Tag Archives: Exelon

Alzheimer’s Disease Therapies

Current Therapies for Alzheimer’s Disease Because there is currently no cure for Alzheimer’s disease (), the primary goal of treatment remains the relief of cognitive, functional, and behavioral symptoms associated with the disease. Hence, current therapies aim to improve the quality of life for both Alzheimer’s disease patients and the caregivers who often must cope… Read More »

Alzheimer’s Therapy: Acetylcholinesterase Inhibitors

Overview. Acetylcholinesterase inhibitors are the only drugs approved for the treatment of mild to moderate Alzheimer’s disease in the major markets. acetylcholinesterase inhibitors do not cure Alzheimer’s disease but do alleviate the cholinergic deficit observed in Alzheimer’s disease patients. Cognitive symptoms are occasionally improved but most often are only stabilized by the drugs (). Studies… Read More »

 Alzheimer’s Therapy: Rivastigmine

Rivastigmine (Novartis’s Exelon, Sigma Tau/Esteve’s Prometax) () is available in Europe and the United States, where it is indicated for mild to moderate Alzheimer’s disease. Development of rivastigmine in Japan has been discontinued. Novartis is evaluating rivastigmine for the treatment of moderate to severe Alzheimer’s disease in small clinical trials, although it is unclear if… Read More »

Information about Alzheimer’s Disease for Patients and Families

Alzheimer’s disease is the most common and well-known form of degenerative dementia. By definition, dementia is a syndrome, a cluster of symptoms, of impaired memory and cognition. Dementia is a cognitive disorder that impairs an individual’s memory and ability for reasoning, awareness, and judgment. Cognitive impairment in Alzheimer’s disease may involve disturbance of language (aphasia),… Read More »

Schizophrenia: Acetylcholinesterase Inhibitors

Three acetylcholinesterase inhibitors are on the market for the treatment of Alzheimer’s disease: Japan&Japan/Shire/Janssen’s galantamine (Reminyl), Eisai/Pfizer’s donepezil (Aricept), and Novartis’s rivastigmine (Exelon/Prometax). Clinical studies evaluating these agents in the treatment of the cognitive dysfunction and negative symptoms associated with schizophrenia have been performed, but only galantamine appears to be in commercial development for schizophrenia… Read More »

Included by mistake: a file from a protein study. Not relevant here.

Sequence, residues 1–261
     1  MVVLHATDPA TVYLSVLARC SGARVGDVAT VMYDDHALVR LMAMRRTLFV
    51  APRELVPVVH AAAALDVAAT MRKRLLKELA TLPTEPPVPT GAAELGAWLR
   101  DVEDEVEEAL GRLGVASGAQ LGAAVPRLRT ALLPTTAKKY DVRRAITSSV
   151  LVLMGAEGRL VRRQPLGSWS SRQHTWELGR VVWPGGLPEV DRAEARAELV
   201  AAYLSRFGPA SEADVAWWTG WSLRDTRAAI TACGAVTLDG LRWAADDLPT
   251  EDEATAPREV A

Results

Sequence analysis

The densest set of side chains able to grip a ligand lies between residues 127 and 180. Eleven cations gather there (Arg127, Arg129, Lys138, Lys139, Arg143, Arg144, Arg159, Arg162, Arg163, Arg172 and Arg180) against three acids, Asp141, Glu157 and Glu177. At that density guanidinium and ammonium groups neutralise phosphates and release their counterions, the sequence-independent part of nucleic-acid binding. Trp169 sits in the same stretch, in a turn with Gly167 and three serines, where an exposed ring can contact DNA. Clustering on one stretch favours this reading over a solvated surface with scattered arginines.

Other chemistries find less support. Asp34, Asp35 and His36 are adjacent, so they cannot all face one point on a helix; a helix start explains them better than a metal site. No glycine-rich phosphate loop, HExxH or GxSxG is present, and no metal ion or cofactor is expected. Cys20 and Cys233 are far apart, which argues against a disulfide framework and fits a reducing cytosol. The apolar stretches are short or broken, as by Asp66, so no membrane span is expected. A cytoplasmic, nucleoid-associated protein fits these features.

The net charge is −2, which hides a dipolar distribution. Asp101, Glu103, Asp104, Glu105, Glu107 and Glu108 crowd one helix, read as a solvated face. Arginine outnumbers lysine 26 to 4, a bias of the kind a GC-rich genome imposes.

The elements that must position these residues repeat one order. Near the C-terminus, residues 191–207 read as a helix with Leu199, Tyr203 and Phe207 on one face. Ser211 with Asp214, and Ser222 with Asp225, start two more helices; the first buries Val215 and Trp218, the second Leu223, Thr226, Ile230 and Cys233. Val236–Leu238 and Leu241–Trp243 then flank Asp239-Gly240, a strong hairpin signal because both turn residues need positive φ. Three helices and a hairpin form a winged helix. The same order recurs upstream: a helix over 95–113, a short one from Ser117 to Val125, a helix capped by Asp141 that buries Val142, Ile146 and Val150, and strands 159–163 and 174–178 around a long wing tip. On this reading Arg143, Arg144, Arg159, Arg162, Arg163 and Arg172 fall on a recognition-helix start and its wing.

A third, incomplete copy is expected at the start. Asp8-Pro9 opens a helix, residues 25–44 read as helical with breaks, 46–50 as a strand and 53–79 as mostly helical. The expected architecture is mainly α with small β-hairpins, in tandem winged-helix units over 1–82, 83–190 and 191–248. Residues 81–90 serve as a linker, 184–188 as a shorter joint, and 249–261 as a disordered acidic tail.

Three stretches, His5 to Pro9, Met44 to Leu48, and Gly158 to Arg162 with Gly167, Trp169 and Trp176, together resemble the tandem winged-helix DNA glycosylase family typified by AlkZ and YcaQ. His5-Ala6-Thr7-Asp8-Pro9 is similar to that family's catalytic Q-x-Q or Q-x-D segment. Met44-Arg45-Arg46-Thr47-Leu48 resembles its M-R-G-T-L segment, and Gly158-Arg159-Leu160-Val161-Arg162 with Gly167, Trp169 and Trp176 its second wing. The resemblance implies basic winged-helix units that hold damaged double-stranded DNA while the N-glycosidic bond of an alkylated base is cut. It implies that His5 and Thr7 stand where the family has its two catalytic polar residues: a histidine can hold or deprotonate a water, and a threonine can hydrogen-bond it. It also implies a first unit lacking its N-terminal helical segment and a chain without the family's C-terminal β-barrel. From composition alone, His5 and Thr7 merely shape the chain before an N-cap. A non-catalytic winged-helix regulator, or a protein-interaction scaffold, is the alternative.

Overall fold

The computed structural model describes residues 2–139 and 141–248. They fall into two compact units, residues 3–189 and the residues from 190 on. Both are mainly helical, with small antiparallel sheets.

Promoting Well-Being In Persons With Severe Dementia

Involving patients with severe dementia in everyday activities, such as watering the plants or drinking coffee together with other patients and staff, can promote well-being. Zingmark et al showed that such activities could facilitate experiences of ‘at-homeness’, i.e. moments when the patient was interpreted to experience meaningfulness and him/herself as a whole. This was seen… Read More »

Caring Environments For Patients With Severe Dementia

The theory of the person-environment fit conceptualizes behaviour as a product of demands of the environment and the level of personal competence available to meet these demands. The diminishing competence (intellectual, emotional and physical ability) inevitable with the progression of Alzheimer’s disease and related dementias makes it increasingly difficult for the person to interpret the… Read More »

Predicting entry into long-term care

The decision to place a relative in a long-stay facility is a difficult one and brings with it feelings of guilt and grief as well as more positive aspects such as relief from sleeplessness and respite from behavioural disturbance. The decision of when and whether to enter a nursing home can be a planned decision… Read More »

Cholinergic replacement therapy and disease modification

The trials of muscarinic agonists reported thus far are short-term studies concentrating upon symptomatic response. However, it may be that this is the wrong target for the muscarinic receptor agonist because there is some evidence that the most interesting effects of the drugs is to modify disease processes. Amyloid precursor protein () is metabolized in… Read More »